UK Liberty

Same old tripe from the Government

Minister of State Michael Wills in the Guardian:

A new dialogue on data

We need a rational, respectful discourse if we are to properly consider the benefits and flaws of using databases. …

… the increasing sophistication of data management has sparked concern about data protection and civil liberties, most acutely over the measures government takes to protect its citizens. This tension is serious, complex and inescapable. In modern democracies it will always be hard to strike the right balance between protecting the public from the threat posed by crime and terrorism and the need to protect civil liberties.

Reconciling the goods of liberty and security and opportunity, which all speak different languages, is never easy. The only way that it can be done is through rational and mutually respectful discourse, wary of anyone, on any side of the debate, who claims a monopoly of wisdom.

But that’s what the Government does, isn’t it? Claims a monopoly of wisdom, I mean.

Unless people agree with the Government, in which case those people are wise too…

The basic principles for using personal data are that it should be proportionate and necessary. That goes for debate about it too.

Sadly, such a rational, respectful discourse, so essential to the creation of public policy on this crucial issue, has been largely absent in recent years.

Government must take its share of the blame. Too often, we have been overly defensive and dismissive of criticism.

Rather understating it, seeing as Government Ministers have smeared and traduced their critics and called them “intellectual pygmies“, among other things.

But equally, opponents have been too quick to assume the worst of government, without any evidence to support their assumptions, replacing argument with rhetoric.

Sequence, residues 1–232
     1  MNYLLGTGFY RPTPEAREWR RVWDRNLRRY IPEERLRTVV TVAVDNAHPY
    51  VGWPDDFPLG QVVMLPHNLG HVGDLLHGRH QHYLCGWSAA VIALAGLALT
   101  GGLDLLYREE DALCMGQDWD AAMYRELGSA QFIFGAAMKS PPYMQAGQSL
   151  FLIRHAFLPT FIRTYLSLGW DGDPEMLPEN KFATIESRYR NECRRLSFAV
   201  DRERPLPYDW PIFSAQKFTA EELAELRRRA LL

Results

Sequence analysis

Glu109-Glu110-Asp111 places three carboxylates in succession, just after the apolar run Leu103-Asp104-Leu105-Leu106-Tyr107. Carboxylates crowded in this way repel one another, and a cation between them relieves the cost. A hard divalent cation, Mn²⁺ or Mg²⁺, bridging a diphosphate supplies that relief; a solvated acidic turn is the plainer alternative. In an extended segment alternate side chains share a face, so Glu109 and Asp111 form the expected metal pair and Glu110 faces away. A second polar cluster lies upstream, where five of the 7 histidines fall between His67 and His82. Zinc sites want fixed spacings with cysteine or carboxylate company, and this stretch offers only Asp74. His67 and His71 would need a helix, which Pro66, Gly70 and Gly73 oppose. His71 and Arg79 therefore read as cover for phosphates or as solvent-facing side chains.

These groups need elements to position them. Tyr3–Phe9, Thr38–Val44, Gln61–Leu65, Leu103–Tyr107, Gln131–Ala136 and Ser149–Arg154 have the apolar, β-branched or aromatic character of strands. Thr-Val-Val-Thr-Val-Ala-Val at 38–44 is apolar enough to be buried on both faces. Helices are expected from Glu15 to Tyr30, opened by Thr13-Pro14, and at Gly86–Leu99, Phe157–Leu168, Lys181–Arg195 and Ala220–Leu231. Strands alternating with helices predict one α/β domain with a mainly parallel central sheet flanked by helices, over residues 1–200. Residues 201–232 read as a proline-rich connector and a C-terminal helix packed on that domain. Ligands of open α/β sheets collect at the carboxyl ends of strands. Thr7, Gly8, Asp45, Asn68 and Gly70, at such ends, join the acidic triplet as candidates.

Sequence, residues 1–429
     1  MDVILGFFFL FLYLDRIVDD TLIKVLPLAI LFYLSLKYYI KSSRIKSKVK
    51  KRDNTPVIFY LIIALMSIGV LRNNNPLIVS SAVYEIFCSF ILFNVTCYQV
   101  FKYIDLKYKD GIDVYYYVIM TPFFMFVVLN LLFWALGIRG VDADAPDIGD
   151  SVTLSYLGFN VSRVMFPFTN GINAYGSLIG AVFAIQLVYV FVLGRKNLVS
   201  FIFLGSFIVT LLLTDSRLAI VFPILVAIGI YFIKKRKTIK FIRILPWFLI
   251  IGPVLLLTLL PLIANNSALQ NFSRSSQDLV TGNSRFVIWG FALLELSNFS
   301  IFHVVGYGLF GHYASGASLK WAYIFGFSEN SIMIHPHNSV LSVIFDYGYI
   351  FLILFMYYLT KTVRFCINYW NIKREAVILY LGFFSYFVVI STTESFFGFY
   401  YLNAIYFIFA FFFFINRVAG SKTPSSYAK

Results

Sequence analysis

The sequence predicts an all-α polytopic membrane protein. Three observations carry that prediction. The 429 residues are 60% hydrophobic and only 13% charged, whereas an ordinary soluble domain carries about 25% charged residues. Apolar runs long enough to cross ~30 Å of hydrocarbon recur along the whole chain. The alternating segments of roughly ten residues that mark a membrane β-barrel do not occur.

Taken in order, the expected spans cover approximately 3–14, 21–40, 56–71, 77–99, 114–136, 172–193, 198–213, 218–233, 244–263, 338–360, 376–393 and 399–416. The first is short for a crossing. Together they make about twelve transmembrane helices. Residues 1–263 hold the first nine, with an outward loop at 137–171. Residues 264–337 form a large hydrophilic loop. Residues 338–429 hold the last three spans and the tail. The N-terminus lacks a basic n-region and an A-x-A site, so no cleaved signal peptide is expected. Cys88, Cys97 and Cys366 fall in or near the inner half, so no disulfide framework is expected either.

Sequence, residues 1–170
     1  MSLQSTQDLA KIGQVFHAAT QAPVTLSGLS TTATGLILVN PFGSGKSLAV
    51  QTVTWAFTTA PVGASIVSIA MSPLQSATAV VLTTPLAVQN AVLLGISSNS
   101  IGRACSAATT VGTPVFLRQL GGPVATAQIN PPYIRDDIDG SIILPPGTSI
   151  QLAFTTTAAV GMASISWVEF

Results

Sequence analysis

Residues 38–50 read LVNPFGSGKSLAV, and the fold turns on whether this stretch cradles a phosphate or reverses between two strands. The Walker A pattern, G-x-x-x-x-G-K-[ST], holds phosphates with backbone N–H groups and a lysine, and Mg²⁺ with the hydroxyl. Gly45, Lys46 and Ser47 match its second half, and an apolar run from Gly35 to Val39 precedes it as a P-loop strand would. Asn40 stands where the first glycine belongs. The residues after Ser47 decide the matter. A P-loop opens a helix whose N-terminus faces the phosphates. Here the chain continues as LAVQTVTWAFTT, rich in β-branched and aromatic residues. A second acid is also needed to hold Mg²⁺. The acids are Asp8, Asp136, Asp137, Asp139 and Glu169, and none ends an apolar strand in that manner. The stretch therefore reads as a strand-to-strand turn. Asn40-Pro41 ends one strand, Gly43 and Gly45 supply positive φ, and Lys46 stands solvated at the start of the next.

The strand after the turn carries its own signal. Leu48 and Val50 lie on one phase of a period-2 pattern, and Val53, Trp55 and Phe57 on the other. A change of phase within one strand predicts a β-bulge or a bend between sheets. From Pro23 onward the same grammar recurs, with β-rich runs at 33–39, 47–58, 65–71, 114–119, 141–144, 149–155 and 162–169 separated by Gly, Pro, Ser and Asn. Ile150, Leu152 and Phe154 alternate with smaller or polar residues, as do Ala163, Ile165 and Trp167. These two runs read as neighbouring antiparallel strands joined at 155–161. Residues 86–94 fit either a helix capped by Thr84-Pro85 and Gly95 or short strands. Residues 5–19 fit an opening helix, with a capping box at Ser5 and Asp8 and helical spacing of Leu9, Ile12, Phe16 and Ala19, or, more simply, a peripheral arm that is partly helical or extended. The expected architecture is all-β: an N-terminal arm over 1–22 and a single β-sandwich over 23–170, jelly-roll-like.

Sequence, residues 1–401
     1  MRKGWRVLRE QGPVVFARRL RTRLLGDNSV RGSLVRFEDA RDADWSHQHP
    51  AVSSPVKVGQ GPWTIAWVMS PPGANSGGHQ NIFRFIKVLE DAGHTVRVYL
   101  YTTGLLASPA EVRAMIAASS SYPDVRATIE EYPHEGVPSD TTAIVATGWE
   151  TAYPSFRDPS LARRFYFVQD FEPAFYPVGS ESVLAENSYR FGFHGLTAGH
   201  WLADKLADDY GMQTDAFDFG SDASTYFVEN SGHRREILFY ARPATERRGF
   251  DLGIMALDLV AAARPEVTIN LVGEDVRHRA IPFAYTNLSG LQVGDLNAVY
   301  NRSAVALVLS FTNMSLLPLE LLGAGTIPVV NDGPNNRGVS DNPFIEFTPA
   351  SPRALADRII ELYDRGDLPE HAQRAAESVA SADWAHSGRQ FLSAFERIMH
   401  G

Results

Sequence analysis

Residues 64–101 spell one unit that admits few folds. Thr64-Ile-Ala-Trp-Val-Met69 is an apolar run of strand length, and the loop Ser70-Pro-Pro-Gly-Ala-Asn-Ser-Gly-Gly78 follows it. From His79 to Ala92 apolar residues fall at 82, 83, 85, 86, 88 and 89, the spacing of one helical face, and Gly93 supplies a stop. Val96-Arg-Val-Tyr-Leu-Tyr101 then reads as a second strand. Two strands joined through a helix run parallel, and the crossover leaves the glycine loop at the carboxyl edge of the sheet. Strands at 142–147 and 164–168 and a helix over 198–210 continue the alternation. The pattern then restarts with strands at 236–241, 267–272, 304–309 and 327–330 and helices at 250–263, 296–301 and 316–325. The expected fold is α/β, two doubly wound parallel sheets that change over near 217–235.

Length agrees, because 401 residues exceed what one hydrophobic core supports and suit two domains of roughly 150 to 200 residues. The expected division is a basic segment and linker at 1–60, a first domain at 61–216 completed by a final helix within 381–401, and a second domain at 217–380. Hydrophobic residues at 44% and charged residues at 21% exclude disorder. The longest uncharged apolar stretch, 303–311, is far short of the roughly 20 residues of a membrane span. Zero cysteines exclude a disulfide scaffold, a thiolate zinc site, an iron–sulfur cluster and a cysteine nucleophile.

The Rowntree report, Database State, exemplifies this flawed discourse. Riddled with factual errors and misunderstandings, it reached conclusions without setting out the evidential base for doing so. The government has now published its response.

Which itself is riddled with factual errors and misunderstandings and reaches conclusions without setting out the evidential basis for doing so.

… We can never be complacent about databases – the challenge in getting the balance right between seizing the opportunities they offer and avoiding the risks they pose is evolving as fast as the technologies themselves. Whenever changes need to be made, we will make them. But we can only do this on the basis of a rational dialogue between all concerned.

Government Ministers aren’t interested in dialogue, nor are they interested in supporting their assertions with evidence.

They continue to waste our time and our money on half-baked, unsupported, proposals, and post hoc insincere apologies and justifications.

This is not “rational and mutually respectful discourse”, this is treating the world as a write-only medium and our money as their largesse.


Ignorance or mendacity?